Ask Greplaw: Right of Access?
This is the first of a few articles I submitted to Greplaw over the last couple of years. I am planning on revising the whole set based on the comments I got from that discussion. There were many useful ones. This article is the oldest of the three that were not transitory in nature. This article was originally posted on Tuesday December 03, 2002.
Right of Access
I have been tossing an idea around in my head for some weeks. For a long time, I have felt that there was something wrong with copyright law that I could not put my finger on. Some weeks ago, I managed to place the anxious digit upon its mark. Owing to my increasing alarm over the growing trend of copyright extortion (exemplified by the recent GrepLaw article on the Danish Anti Piracy Group), I have decided it is time this idea was debated by people more legally inclined than I (I would not mind stimulating a discussion on a site as normally quiet as GrepLaw, either :)
My argument, in a nutshell, is this: The Constitution of the United States of America gives to its citizens an implicit right of access that supersedes a creators right to incentives from that creation. I will flesh out my argument below...
First of all, I will begin with what I will not argue.
I will not contest that creators deserve rights to
their creations or that the idea of giving incentives
to authors is a bad one. Neither will I argue that
information is or is not "property" (my argument
works in either case). I also will not argue about
which rights should be given or about the terms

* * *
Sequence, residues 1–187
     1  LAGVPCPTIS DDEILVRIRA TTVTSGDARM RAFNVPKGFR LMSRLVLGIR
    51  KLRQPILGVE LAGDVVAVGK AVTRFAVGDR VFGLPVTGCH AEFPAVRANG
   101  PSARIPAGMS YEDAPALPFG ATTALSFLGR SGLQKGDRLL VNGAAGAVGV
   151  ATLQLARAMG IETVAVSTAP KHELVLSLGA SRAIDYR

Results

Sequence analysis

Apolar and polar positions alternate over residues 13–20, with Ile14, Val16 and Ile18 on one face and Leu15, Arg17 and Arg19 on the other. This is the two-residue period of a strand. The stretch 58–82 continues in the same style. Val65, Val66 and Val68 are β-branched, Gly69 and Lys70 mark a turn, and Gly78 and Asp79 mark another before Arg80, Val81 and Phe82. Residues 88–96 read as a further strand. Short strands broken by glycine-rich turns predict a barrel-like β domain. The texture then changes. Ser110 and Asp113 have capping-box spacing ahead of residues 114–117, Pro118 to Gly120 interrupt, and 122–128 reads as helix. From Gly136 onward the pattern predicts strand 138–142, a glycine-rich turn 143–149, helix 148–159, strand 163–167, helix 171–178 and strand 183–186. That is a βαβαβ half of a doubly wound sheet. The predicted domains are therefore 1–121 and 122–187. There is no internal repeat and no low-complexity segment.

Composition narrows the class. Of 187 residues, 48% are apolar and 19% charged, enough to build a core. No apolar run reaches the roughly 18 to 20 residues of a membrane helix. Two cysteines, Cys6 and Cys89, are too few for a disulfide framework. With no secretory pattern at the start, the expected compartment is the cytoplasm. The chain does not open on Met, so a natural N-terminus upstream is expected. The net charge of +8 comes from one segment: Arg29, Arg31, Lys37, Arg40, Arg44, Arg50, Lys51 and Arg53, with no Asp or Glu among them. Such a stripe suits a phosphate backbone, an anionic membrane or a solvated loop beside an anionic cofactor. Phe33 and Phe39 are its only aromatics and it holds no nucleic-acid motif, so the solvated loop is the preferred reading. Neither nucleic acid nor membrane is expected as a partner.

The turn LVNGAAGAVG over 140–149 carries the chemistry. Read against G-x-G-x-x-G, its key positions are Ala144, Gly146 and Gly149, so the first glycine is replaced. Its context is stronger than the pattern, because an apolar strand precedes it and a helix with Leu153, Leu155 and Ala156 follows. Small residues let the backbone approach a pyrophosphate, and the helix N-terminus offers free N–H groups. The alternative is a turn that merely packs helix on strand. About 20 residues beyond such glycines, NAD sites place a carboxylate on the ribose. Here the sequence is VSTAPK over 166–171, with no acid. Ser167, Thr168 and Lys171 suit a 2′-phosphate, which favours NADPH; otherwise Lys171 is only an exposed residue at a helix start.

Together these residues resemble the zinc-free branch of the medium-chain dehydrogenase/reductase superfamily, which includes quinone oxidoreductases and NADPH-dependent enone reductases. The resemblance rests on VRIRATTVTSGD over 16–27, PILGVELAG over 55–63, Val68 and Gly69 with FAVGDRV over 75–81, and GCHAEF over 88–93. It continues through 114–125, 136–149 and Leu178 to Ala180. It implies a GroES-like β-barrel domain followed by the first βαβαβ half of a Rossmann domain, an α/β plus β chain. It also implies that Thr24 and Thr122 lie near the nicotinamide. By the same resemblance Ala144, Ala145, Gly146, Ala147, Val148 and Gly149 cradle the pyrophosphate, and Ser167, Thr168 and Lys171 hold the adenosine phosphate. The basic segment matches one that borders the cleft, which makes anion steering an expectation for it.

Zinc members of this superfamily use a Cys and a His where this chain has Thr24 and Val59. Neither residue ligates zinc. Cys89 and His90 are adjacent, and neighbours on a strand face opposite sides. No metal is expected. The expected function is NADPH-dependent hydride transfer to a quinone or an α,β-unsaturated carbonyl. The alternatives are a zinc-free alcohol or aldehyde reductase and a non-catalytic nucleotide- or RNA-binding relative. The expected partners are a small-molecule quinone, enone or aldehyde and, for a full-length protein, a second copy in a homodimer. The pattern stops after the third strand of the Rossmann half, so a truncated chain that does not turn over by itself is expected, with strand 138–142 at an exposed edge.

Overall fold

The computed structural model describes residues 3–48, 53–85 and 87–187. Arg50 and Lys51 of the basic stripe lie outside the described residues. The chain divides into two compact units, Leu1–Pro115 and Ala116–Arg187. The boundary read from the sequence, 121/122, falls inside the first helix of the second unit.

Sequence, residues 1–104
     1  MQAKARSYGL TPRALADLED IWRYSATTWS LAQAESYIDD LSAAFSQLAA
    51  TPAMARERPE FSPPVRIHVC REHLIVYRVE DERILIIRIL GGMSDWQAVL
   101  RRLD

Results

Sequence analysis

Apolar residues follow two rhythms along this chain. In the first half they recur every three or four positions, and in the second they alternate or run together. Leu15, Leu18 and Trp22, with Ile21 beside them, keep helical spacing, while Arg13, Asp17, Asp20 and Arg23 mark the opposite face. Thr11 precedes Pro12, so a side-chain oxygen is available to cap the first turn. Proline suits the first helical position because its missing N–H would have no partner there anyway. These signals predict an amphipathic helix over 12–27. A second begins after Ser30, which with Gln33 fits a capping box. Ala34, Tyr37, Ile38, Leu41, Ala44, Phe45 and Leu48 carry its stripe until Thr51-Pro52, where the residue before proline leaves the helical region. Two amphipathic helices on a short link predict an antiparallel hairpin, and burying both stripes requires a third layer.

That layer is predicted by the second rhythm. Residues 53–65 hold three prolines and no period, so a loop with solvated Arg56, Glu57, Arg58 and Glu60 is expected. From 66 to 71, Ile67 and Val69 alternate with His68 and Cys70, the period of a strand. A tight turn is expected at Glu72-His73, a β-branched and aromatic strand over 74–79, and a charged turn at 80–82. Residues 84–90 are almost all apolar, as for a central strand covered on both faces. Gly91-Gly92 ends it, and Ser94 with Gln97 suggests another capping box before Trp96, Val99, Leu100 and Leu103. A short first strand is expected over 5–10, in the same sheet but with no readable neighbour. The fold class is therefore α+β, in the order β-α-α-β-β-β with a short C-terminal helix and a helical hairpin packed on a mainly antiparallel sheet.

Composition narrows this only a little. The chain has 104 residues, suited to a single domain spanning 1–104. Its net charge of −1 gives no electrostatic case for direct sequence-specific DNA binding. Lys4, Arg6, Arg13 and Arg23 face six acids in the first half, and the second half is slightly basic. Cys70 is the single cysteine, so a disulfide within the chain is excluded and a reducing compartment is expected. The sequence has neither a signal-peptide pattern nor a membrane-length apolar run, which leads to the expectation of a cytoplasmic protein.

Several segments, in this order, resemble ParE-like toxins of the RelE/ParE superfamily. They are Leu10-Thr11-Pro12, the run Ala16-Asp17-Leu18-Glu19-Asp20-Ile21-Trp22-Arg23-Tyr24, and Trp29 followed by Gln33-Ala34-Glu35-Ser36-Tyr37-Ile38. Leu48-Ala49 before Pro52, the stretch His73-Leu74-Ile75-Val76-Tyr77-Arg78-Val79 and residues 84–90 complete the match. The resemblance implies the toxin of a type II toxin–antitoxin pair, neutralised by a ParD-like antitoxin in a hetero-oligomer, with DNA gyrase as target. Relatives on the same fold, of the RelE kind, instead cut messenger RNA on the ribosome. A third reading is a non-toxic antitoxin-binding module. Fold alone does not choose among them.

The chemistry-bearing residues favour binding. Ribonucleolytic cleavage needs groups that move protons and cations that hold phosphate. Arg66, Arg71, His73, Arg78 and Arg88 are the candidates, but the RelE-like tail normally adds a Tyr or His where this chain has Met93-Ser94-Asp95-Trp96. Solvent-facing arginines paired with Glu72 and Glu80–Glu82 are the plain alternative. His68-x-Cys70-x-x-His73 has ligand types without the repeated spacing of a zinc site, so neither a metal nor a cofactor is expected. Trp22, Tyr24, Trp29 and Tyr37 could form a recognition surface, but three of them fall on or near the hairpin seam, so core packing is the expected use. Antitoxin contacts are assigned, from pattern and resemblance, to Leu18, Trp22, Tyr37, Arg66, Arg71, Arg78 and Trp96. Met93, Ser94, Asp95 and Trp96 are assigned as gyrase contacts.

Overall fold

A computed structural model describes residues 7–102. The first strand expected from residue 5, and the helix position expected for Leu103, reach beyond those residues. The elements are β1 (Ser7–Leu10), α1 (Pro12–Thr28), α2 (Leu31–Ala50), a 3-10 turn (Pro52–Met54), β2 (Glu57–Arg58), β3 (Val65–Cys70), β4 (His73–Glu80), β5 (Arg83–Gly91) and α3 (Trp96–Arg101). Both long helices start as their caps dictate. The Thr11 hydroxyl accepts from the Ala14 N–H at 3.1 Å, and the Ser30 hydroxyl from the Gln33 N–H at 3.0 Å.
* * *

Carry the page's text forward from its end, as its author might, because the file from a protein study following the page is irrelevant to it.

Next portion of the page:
of rights. These are all essays in themselves, and
although I have been tackling them in my head
for some time, I am certain that I would lose my
entire audience for lack of direction if I chose
to cover so many subjects.
As all law in the US is rooted in the Constitution
(and meaningless without it), I will begin with the obligatory
The Congress shall have Power... To promote
the Progress of Science and useful Arts, by
securing for limited Times to Authors and
Inventors the exclusive Right to their respective
Writings and Discoveries;
I have emphasized two portions of this "copyright
clause" to demonstrate a relationship. This is a
relationship of primary to secondary.
The primary is the why, and the
secondary is the what. Why
precedence over what because without
would be no what. No law is enacted without cause
(be it rational or irrational). Therefore, this incentive
system would not exist if We the People did not need
people producing inventions, ideas, art, etcetera.
It follows that all this information is created for
Us the People.
(US Constitution, Article 1, Section 8, Subsection 8)
Few people would not
accept the argument that access to more information
increases education and accelerates intellectual
growth in society as a whole, and that
the existence of more educated
people increases the potential
for even greater ideas to be created.
It follows that the most efficient way
To promote the Progress of Science and
useful Arts is to disseminate as much information
as possible to as many people as possible. This
means that dissemination of information is the
primary goal of the "copyright clause"
in the Constitution and that the means by which